Between the Lines

Between the Lines By David Lias In a way, it's almost like bribery.

But if the offer of scholarship money will entice South Dakota high school students to enroll in more challenging courses, thereby becoming, in our view, better educated, we're all for it.

Gov. William Janklow has proposed a Regents Scholars program that would be funded from the state's share of the national tobacco settlement. Students who take a full range of math, science, language and other courses would qualify for the scholarships if they attend one of South Dakota's six public universities or four technical schools.

Students who qualify could get $9,000 over four years. Janklow said that will make parents make sure their children take all the required courses in high school.

The scholarship proposal is also a fitting response to a report released last year that didn't have many good things to say about the education South Dakota high school students are receiving.

The report, released by the National Center For Public Policy and Higher Education, stated that many South Dakota high school students are ill-prepared and have only a fair chance of going to college.

As part of an analysis of education in all states, the center gave South Dakota marginal marks.

The state received a grade of C in preparing students for college, C for the proportion of South Dakotans who enroll in colleges; D+ for the affordability of college in the state, B- for promptness in getting college degrees, and C- for economic and social benefits to the state as a result of its residents' levels of education.

The study found that:

* 45 percent of high school students in South Dakota take at least one advanced math class compared to 59 percent in the best-performing states.

* 37 percent of South Dakotans 18- to 24-years-old enroll in college in the state compared to 42 percent in the top states.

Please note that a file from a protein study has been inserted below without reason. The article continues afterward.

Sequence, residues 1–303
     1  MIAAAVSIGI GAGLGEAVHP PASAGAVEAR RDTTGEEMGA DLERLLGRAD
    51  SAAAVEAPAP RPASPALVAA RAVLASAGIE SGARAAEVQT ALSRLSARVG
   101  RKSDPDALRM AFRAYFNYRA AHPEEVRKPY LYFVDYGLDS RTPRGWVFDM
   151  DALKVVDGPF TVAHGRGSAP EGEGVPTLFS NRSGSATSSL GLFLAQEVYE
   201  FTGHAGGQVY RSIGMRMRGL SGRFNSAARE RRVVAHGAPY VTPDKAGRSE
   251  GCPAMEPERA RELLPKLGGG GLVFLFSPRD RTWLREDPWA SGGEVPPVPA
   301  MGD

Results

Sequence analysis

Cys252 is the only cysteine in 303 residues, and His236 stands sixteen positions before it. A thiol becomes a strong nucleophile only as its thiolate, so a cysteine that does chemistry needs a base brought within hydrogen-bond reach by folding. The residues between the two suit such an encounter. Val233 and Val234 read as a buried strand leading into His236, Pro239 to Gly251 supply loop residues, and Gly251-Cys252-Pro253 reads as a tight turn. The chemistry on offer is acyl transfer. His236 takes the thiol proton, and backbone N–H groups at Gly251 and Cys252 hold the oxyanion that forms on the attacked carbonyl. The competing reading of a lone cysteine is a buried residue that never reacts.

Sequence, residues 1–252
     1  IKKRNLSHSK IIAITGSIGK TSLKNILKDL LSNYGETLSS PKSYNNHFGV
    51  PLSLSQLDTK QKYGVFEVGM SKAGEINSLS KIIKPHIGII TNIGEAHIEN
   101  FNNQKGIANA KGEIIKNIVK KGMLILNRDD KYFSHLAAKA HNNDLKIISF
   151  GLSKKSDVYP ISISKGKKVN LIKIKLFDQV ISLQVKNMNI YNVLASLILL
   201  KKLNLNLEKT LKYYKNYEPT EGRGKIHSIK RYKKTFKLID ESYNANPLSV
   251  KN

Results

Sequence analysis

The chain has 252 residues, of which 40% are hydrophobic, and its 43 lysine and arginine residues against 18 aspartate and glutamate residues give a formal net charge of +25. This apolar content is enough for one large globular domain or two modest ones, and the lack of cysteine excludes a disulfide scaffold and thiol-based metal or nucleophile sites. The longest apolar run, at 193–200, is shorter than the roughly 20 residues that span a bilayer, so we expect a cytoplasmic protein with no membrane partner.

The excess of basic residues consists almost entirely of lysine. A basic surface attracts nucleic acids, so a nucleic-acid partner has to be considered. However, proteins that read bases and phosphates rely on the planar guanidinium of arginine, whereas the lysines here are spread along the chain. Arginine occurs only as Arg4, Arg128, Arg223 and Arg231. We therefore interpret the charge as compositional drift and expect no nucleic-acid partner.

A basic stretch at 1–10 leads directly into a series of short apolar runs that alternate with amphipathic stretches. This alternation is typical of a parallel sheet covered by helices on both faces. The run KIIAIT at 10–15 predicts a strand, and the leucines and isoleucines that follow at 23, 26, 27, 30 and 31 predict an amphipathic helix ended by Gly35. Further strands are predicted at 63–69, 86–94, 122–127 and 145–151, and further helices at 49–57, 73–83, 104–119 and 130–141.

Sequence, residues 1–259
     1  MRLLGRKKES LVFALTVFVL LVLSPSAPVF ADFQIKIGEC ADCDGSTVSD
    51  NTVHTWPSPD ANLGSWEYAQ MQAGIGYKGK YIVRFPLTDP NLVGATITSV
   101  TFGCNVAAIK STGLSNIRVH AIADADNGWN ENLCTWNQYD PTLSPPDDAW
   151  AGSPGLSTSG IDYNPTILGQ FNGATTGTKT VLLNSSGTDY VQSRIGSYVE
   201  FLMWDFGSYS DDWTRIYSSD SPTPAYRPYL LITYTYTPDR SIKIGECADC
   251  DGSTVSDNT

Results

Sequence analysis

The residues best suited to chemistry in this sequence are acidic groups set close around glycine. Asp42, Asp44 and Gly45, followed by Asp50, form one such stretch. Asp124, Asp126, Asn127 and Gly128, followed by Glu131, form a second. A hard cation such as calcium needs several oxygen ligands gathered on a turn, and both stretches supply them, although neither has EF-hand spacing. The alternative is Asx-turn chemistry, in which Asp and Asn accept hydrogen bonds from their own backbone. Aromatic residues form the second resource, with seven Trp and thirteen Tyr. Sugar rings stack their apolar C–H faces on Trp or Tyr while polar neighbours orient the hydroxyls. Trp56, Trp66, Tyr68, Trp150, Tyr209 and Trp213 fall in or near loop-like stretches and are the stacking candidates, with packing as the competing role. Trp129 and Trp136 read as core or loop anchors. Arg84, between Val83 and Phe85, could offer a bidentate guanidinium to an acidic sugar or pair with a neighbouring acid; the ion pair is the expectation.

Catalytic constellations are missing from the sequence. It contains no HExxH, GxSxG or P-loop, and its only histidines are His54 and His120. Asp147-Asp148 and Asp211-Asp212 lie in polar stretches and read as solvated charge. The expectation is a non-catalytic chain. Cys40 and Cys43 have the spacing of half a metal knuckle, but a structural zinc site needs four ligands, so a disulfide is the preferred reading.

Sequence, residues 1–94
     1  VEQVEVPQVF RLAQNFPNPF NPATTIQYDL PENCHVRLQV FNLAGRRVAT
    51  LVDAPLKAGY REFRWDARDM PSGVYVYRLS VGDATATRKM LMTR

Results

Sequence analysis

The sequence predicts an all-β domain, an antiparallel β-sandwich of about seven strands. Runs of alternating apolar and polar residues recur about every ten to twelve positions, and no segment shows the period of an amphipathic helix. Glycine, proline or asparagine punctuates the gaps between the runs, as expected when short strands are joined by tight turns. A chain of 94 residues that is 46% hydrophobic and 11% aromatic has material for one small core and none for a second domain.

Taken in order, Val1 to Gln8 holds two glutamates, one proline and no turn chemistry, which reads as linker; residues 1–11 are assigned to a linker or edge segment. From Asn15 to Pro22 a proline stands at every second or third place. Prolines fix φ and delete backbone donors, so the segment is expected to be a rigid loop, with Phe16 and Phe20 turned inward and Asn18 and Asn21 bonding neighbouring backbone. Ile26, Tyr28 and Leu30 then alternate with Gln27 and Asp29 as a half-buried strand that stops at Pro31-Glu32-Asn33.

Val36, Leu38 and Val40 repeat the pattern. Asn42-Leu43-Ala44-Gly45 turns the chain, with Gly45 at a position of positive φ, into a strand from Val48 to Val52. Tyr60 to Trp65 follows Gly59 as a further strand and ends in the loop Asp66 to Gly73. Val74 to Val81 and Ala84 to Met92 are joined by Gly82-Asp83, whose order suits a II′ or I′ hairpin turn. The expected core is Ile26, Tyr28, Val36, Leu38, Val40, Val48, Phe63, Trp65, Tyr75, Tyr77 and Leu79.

* 2.5 percent of South Dakotans 25- to 44-years-old enroll in college or other schooling compared to 4.7 percent in the best-performing states.

* South Dakota provides virtually no financial aid to low-income students seeking education after high school, the lowest performance in the nation.

The Republican-dominated state Legislature did away with some scholarship programs several years ago over the wishes of Democrats. Democrats have tried to reinstate those programs each year since, to no avail.

Last year, when the report was released, Elaine Roberts, president of the South Dakota Education Association, said the governor and Legislature must place a higher priority on education funding, including scholarships. The report from the National Center for Public Policy and Higher Education points to the need to do more for education in South Dakota, Roberts added.

"We have to continue to look at how we're doing because we got a mediocre grade," she said.

It appears that Janklow is trying to take advantage of the funding resources South Dakota has received from the tobacco settlement in a rather unique way.

He hopes to not only inspire students to do more during their wonder years at high school, but also give South Dakota parents some good reasons to motivate their kids in high school.

The Regents Scholars program requires high school students to take four years of English, four years of mathematics, four years of science, three years of social studies, two years of foreign language and a half-year each of fine arts and computer science. They must average B grades in those courses.

If the Legislature approves the program, parents will demand that high schools offer a full range of basic courses and will see to it that their children take those classes, Janklow said last week.

"If a school system isn't offering these courses, parents had better start asking questions," he said.

We believe that technology such as the Internet or the state's two-way television system will help even small high schools beef up their curriculums in response to this scholarship plan.

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